JERUSALEM (Reuters) - Israel granted legal status on Sunday to a previously unauthorised outpost in the occupied West Bank in response to a Palestinian shooting attack last month that killed one of its residents.
Israeli Prime Minister Benjamin Netanyahu said the decision to retroactively authorise the 50-family outpost of Havat Gilad was meant to “allow the continuation of normal life there”.
Most countries deem Israeli settlements in the West Bank, land that Israel captured in a 1967 war and which Palestinians want for a future state, to be illegal. Israel disputes this.
The decision was approved unanimously by Israel’s cabinet.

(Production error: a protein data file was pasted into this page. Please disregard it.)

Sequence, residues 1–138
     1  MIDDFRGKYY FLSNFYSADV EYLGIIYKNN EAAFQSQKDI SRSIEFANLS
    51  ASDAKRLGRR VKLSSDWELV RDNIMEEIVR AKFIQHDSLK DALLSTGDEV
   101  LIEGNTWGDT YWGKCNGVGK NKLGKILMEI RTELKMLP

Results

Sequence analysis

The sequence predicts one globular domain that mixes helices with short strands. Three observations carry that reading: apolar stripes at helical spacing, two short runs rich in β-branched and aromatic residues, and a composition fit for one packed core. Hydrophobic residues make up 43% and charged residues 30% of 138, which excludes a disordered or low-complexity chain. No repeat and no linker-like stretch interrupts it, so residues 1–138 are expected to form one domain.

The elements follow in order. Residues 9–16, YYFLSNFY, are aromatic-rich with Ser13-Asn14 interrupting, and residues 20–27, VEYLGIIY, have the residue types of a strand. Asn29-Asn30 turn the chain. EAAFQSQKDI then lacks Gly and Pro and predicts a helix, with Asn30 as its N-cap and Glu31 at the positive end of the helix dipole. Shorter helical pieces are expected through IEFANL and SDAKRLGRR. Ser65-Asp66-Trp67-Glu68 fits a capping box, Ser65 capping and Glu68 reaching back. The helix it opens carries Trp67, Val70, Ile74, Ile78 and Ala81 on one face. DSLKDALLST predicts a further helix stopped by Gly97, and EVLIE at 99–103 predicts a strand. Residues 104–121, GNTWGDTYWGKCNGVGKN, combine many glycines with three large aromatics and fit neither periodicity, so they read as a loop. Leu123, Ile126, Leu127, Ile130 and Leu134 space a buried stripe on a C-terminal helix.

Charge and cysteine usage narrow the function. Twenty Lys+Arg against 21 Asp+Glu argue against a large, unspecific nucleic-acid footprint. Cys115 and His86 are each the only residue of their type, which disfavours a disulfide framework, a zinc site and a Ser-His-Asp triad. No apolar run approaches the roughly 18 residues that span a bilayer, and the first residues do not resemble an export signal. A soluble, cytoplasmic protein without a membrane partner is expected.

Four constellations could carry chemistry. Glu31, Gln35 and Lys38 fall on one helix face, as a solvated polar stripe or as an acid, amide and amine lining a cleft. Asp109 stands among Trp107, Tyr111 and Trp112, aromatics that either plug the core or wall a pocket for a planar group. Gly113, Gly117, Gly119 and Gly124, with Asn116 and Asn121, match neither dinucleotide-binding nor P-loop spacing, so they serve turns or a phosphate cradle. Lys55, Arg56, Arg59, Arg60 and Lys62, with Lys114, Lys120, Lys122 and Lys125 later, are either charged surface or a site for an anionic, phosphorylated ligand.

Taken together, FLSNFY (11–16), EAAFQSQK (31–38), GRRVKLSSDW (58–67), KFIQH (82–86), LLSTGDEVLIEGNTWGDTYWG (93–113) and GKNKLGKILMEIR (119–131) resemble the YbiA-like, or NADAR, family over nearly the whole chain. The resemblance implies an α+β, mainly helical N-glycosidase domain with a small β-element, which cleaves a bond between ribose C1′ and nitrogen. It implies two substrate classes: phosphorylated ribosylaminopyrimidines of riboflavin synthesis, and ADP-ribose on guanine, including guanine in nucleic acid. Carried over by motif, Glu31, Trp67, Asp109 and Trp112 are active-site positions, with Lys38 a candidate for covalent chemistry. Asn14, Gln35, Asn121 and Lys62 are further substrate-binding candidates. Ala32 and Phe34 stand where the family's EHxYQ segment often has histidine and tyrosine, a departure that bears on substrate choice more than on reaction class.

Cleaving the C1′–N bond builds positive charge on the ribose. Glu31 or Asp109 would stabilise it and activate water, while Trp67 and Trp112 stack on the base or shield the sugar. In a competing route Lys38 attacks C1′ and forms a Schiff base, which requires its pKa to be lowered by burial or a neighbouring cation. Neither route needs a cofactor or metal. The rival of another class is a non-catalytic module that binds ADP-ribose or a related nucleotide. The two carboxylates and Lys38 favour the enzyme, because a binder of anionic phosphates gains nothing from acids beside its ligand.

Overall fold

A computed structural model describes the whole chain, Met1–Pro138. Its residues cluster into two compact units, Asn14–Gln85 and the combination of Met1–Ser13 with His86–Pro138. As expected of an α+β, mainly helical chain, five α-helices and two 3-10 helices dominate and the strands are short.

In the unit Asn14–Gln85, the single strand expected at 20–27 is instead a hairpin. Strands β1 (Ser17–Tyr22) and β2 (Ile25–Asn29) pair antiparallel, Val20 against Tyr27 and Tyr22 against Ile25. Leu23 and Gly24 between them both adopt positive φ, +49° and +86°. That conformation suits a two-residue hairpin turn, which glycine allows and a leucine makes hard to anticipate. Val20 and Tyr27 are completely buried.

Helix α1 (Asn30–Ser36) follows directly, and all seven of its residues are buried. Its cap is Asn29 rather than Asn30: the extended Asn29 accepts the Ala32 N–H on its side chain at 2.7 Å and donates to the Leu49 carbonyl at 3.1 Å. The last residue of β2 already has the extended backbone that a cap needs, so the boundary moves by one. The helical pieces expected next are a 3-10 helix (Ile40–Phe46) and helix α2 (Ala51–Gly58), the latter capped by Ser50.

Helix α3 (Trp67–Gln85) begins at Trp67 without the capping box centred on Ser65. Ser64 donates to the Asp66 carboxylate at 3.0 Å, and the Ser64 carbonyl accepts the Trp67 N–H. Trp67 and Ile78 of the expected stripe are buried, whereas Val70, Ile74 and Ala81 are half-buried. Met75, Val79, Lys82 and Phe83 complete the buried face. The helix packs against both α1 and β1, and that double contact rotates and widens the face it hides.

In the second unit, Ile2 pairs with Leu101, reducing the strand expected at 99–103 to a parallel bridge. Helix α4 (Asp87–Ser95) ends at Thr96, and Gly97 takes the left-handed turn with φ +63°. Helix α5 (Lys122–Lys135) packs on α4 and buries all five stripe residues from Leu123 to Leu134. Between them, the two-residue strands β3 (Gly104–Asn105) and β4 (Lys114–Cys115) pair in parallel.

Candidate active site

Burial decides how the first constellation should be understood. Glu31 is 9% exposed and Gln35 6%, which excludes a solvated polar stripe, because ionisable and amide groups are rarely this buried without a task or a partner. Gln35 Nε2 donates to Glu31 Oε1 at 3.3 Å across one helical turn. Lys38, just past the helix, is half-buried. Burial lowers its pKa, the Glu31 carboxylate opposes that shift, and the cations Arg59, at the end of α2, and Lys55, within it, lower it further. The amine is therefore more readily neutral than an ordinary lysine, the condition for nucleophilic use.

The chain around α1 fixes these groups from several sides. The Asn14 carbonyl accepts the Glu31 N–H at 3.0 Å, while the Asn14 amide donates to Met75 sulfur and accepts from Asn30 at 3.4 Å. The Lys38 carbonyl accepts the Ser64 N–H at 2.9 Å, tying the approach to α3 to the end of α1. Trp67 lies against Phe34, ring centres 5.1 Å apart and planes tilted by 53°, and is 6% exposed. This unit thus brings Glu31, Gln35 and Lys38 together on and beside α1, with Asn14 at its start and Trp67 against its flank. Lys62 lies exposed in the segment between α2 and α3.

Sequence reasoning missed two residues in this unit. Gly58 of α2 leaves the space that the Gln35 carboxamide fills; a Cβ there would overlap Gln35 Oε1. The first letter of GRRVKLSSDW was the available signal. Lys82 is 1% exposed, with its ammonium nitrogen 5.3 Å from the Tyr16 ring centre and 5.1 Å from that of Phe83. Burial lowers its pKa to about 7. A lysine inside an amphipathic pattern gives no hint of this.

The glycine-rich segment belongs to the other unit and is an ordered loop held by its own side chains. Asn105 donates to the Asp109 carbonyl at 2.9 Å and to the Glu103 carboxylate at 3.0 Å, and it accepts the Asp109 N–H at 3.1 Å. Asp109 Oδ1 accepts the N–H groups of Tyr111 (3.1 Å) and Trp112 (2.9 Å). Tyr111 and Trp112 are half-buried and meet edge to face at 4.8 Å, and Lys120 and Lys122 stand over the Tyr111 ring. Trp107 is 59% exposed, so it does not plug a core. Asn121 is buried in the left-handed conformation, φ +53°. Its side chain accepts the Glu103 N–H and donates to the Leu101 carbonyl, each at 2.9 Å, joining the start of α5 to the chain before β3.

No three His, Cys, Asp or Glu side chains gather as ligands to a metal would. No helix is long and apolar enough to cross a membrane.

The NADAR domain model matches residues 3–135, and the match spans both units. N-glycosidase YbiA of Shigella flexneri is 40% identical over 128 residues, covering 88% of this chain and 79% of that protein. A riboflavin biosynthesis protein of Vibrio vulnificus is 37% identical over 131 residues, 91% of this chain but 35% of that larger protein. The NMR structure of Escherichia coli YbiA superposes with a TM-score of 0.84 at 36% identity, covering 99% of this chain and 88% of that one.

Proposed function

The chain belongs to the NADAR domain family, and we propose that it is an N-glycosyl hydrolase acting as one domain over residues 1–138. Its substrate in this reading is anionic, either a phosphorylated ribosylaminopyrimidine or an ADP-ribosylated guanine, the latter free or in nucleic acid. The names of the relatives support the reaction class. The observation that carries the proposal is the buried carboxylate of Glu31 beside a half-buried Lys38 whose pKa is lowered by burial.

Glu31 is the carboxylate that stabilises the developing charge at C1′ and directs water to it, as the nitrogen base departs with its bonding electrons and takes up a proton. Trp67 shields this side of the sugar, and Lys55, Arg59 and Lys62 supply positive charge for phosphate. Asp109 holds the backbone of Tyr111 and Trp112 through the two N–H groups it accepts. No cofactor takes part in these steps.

Palestinian officials condemned the move and said it seemed to be the result of a change in U.S. policy toward Israel.
President Donald Trump in December recognised Jerusalem as the capital of Israel, breaking with decades of U.S. policy that the city’s status must be decided in peace negotiations between Israel and the Palestinians.
East Jerusalem was captured by Israel in a 1967 war, and Palestinians want it for the capital of a future state.
“Netanyahu is trying to make facts on ground. All settlements in the West Bank, including in Jerusalem, are illegal,” said Wasel Abu Youssef, a member of the Palestine Liberation Organisation’s executive committee.
On Jan. 9, Havat Gilad resident Rabbi Raziel Shevah was shot dead from a passing vehicle as he drove near his home.
Reporting by Ali Sawafta and Ari Rabinovitch; editing by Mark Heinrich
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